UK Government Details New Medical Cannabis Plans
The UK government will begin accepting applications to prescribe cannabis-based medicines within a week, and the home secretary has outlined plans for a broader review of cannabis law.
Speaking at the House of Commons on June 19, Home Secretary Sajid Javid said the government review would take place in two parts. To begin with, a group of experts led by the Chief Medical Officer, Professor Sally Davies, will consider the evidence for medical cannabis’ benefits. Professor Davies has previously spoken out against the criminalisation of people who use drugs.
Subsequently, the Advisory Council on the Misuse of Drugs will use the panel’s findings to provide an assessment of “what, if anything, should be rescheduled”, Javid said. “If the review identifies significant benefits, we do intend to reschedule [cannabis]”.
Cannabis is a Class B drug, but – perhaps most importantly – it is a Schedule 1 drug, meaning that it is currently considered to have no therapeutic value whatsoever. Despite this stance, the UK is the largest producer and exporter of medical cannabis in the world – the government licenses businesses to mass produce and export the drug, but UK citizens are denied access to it.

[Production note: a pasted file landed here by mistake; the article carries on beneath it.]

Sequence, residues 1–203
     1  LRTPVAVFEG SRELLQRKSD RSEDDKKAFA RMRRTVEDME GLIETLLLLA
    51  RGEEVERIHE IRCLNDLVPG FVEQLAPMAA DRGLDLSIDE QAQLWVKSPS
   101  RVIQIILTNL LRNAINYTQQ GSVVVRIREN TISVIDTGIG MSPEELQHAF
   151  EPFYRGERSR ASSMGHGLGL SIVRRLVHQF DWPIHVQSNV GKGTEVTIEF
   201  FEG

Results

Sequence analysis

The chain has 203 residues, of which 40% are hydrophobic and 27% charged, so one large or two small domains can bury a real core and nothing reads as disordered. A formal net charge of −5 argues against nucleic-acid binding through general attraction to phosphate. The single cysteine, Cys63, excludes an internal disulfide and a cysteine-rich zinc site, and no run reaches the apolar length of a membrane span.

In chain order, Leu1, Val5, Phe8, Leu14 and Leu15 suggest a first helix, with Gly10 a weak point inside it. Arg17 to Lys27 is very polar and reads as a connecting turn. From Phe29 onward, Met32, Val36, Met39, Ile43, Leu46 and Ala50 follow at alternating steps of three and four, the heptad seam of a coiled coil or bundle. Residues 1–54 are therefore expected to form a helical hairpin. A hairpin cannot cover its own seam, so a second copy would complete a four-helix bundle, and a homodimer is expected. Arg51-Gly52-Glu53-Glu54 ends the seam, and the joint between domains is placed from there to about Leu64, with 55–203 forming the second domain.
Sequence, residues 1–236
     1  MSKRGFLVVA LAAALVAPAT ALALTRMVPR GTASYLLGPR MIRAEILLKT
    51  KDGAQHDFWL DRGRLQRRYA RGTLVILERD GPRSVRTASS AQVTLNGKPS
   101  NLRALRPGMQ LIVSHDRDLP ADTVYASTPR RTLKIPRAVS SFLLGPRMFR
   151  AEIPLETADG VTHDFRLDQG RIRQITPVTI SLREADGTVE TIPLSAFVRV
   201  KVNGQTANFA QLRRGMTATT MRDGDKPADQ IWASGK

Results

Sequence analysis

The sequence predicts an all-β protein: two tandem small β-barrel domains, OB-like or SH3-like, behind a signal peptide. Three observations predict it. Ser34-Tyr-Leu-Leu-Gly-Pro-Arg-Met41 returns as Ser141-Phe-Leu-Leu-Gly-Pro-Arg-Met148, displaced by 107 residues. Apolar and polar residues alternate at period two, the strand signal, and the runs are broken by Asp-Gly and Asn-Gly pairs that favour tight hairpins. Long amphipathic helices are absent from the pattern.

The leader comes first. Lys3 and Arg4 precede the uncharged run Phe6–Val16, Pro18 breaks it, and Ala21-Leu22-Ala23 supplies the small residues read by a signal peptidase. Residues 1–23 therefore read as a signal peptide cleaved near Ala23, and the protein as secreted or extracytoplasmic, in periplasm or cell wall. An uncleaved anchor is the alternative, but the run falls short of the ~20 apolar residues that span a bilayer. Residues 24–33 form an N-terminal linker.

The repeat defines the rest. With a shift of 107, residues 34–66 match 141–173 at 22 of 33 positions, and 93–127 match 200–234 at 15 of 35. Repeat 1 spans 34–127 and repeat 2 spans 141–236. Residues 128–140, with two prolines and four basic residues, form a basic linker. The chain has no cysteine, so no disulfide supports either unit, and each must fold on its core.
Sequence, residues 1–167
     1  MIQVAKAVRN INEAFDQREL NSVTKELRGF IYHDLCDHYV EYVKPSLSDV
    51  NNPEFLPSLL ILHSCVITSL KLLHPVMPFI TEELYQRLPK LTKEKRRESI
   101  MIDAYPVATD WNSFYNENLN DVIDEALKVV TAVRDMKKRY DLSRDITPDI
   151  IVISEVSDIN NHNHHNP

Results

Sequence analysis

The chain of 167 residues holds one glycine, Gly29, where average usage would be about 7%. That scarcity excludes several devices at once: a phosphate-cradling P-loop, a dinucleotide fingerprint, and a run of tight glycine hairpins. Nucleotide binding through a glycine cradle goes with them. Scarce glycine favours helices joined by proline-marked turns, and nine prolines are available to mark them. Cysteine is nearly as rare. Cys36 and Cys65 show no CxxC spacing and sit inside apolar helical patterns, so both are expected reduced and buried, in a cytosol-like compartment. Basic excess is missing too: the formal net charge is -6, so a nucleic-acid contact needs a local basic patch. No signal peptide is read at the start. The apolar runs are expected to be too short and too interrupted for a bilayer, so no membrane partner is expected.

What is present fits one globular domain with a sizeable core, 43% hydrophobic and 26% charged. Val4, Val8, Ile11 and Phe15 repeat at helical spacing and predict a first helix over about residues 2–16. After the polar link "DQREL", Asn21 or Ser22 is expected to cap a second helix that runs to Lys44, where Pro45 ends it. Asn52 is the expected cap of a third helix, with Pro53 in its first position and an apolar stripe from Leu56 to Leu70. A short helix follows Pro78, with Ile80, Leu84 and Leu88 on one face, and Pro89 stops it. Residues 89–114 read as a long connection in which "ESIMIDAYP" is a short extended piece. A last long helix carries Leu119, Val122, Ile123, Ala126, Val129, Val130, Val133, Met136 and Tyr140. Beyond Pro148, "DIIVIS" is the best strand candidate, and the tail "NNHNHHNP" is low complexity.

As it is unclear how long the review process will take, the government is establishing a clinical panel to assess patients’ needs on a case-by-case basis. The panel will “[advise] ministers on applications for cannabis-based medicines”, Javid said, and “will start considering applications [to prescribe] within a week”.
Javid also stated that Alfie Dingley - a six-year-old from Warwickshire with a rare form of epilepsy that causes him numerous seizures – would be granted a license immediately.
Javid noted that these moves should not be seen as an endorsement of non-medical “recreational” cannabis:
“This step is in no way a first step to the legalisation of cannabis for recreational use. This government has no plans to legalise cannabis, and the penalties for unauthorised supply and possession will remain unchanged.”
Reform of medical cannabis laws have shot to the national spotlight in the past week, with policymakers from across the political spectrum calling for reform.
Those calling for increased medical cannabis access include health secretary Jeremy Hunt, Labour's shadow home secretary Diane Abbott, and a host of MPs from various parties. Politicians voicing support for the legalisation of non-medical cannabis has also surged among MPs in recent days. Such a move has been endorsed by former Conservative leader William Hague - who said that “any war [on cannabis] has been comprehensively and irreversibly lost”, while former Labour leader Ed Miliband said “we should legalise cannabis [if] we care about mental health”.